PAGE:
Even if the entire cost were put on ferry fares, with two per cent municipal financing, a modest fare surcharge would pay for it over a 25 year amortization period. This is estimated to be $1.50 for vehicles and 50¢ for passengers—that is worst case, i.e. if there were no other financing sources; but there are other potential sources of funding. Remember, the last few years have seen fare increases of $3.81 and $2.01, respectively, with little benefit. Basic vehicle trips across the new Port Mann bridge are $1.50.

Benefits

Merchants in the Cove would benefit. At present Many residents currently avoid the Cove because of the congestion and lack of parking caused by the ferry operations. As for the patronage resulting from those waiting for the ferry, the distance from the south side marshalling to the main Cove area around the Snug is entirely comparable to the distance from many cars lining up the hill (4-800 meters), or, right by the ferry dock (around 200 meters). The distance from the south side is 280 metres of level walk from the beginning of the proposed marshalling area and the new parking area, with some extra distance for those at the end of the line—eminently comparable. Note that the distance from Horseshoe Bay ticket office to the HSB marshalling area for Bowen is around 4-500 metres, and a further 1-200 meters from the car park.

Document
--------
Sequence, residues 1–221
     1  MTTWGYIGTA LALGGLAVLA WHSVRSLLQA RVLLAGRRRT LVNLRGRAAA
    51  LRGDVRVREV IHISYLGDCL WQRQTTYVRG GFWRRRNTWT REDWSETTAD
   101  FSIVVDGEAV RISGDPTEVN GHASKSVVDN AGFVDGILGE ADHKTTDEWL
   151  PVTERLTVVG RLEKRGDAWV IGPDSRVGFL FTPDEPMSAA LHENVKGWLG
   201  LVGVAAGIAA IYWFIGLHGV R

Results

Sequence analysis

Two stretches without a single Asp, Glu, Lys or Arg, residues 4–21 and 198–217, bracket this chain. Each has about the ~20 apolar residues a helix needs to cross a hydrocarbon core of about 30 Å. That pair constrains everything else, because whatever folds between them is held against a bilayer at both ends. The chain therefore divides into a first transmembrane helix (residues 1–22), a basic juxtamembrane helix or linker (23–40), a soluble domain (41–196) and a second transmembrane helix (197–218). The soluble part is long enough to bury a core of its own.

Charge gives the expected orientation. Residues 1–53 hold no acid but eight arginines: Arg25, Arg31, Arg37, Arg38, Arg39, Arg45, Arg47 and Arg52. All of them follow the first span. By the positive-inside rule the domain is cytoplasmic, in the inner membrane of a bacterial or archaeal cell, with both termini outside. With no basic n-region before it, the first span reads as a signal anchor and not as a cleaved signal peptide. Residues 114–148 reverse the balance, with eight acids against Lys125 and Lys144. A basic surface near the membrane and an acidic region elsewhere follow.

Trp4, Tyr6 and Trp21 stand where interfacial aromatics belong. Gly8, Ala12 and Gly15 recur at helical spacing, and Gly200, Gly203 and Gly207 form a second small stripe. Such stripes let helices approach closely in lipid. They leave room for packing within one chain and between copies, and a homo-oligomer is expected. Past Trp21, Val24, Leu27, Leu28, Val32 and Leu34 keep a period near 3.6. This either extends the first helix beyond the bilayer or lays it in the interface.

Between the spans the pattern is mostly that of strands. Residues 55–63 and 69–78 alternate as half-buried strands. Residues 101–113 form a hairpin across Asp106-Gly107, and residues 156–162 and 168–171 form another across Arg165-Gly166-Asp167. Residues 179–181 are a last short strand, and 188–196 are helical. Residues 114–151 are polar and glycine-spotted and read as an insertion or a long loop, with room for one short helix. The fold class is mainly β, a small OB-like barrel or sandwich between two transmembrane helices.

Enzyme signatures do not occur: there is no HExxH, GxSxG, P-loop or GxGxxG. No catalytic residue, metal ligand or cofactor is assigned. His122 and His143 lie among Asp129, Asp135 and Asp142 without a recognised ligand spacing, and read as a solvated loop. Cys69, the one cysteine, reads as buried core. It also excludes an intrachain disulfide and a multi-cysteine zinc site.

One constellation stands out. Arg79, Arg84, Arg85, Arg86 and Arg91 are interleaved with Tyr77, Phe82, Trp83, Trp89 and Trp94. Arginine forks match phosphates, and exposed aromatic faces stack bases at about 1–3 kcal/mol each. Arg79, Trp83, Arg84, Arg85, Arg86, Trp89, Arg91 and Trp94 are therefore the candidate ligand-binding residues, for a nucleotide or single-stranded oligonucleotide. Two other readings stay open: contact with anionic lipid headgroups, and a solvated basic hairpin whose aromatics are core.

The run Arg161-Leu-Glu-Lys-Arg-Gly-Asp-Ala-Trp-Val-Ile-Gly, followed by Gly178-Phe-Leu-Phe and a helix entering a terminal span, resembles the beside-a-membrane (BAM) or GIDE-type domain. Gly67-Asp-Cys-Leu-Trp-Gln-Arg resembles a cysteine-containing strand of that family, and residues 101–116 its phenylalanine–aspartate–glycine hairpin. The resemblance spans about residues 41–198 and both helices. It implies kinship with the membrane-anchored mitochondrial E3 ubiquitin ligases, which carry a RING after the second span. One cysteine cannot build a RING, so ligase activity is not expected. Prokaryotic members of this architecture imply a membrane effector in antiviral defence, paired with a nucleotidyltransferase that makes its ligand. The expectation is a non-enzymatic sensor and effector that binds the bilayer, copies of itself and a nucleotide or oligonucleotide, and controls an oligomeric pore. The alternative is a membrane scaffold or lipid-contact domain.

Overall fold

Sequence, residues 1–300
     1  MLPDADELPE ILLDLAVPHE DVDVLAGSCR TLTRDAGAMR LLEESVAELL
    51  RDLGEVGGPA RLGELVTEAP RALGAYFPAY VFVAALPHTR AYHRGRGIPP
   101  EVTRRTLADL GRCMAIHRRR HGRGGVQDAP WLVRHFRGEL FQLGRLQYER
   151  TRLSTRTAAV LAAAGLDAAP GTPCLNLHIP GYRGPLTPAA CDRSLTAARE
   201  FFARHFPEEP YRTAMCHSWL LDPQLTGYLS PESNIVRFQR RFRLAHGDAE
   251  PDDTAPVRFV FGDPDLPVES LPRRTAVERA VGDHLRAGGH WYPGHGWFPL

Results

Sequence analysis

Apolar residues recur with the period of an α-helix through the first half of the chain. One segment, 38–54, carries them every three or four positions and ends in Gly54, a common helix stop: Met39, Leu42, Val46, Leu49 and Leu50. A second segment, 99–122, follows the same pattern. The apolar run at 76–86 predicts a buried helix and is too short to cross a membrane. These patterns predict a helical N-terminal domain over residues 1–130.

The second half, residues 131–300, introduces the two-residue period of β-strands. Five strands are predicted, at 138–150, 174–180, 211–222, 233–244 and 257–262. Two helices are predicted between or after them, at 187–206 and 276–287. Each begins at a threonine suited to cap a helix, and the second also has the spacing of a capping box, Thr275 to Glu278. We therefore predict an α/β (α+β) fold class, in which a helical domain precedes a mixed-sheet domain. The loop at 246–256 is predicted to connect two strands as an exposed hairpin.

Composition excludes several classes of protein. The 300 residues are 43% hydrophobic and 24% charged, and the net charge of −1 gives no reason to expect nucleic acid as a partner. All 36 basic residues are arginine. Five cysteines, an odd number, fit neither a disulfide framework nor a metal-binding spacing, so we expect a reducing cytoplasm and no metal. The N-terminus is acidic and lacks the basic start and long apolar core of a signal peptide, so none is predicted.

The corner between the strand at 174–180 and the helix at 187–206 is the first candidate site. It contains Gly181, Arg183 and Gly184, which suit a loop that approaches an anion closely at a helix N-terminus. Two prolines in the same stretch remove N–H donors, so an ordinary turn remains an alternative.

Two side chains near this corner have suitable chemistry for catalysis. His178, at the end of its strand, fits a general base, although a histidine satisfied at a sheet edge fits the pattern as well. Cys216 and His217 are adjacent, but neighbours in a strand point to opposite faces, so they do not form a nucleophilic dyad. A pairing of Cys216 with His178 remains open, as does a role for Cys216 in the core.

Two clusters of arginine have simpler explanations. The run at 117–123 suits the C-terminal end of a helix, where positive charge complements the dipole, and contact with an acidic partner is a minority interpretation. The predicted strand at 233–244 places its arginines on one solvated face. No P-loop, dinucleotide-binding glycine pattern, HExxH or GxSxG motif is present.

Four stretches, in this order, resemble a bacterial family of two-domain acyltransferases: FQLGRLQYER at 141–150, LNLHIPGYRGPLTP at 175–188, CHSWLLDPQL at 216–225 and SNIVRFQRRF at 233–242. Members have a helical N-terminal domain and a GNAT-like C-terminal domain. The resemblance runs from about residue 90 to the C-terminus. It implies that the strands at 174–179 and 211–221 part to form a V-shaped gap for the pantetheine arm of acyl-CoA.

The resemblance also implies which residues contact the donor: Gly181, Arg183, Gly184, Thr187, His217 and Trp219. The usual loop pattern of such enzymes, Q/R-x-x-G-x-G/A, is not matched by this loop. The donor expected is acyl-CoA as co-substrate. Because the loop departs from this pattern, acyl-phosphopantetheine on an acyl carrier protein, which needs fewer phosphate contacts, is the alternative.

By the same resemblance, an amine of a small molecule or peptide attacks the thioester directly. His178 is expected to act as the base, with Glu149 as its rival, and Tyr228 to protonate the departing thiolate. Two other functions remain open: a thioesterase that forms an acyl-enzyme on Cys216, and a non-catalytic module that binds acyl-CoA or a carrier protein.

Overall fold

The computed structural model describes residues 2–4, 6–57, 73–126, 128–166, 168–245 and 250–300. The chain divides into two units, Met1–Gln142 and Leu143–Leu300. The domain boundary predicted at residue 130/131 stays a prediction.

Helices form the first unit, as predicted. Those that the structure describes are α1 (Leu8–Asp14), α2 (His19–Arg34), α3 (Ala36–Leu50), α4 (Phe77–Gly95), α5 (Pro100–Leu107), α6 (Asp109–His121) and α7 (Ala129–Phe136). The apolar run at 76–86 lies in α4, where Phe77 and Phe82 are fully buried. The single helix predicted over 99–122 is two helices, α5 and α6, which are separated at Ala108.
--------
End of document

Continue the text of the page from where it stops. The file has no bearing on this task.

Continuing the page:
Instead of a “village-in-a-ferry-marshalling-yard” as at present, we should be able to aim at the much desired “village in a park” with ample parking, in a truly revitalised Snug Cove, without spending up to $5.5 million on a scheme that still keeps the ferry traffic and/or marshalling at least partly, if not wholly, in the village.